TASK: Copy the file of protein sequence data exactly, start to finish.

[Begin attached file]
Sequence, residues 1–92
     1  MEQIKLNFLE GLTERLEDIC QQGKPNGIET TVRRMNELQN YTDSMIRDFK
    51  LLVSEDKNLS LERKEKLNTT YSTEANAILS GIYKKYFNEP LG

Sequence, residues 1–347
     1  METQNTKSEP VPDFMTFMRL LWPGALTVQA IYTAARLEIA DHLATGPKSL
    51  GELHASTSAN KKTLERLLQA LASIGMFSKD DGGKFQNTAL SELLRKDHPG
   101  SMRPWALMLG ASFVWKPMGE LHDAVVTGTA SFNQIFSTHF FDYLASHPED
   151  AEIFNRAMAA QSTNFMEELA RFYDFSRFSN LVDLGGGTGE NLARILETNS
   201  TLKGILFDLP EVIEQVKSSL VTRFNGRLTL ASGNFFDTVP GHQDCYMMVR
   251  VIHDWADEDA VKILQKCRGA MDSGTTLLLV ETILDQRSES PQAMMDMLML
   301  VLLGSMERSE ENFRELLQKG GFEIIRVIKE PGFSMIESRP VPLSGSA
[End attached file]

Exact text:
Sequence, residues 1–92
     1  MEQIKLNFLE GLTERLEDIC QQGKPNGIET TVRRMNELQN YTDSMIRDFK
    51  LLVSEDKNLS LERKEKLNTT YSTEANAILS GIYKKYFNEP LG

Sequence, residues 1–347
     1  METQNTKSEP VPDFMTFMRL LWPGALTVQA IYTAARLEIA DHLATGPKSL
    51  GELHASTSAN KKTLERLLQA LASIGMFSKD DGGKFQNTAL SELLRKDHPG
   101  SMRPWALMLG ASFVWKPMGE LHDAVVTGTA SFNQIFSTHF FDYLASHPED
   151  AEIFNRAMAA QSTNFMEELA RFYDFSRFSN LVDLGGGTGE NLARILETNS
   201  TLKGILFDLP EVIEQVKSSL VTRFNGRLTL ASGNFFDTVP GHQDCYMMVR
   251  VIHDWADEDA VKILQKCRGA MDSGTTLLLV ETILDQRSES PQAMMDMLML
   301  VLLGSMERSE ENFRELLQKG GFEIIRVIKE PGFSMIESRP VPLSGSA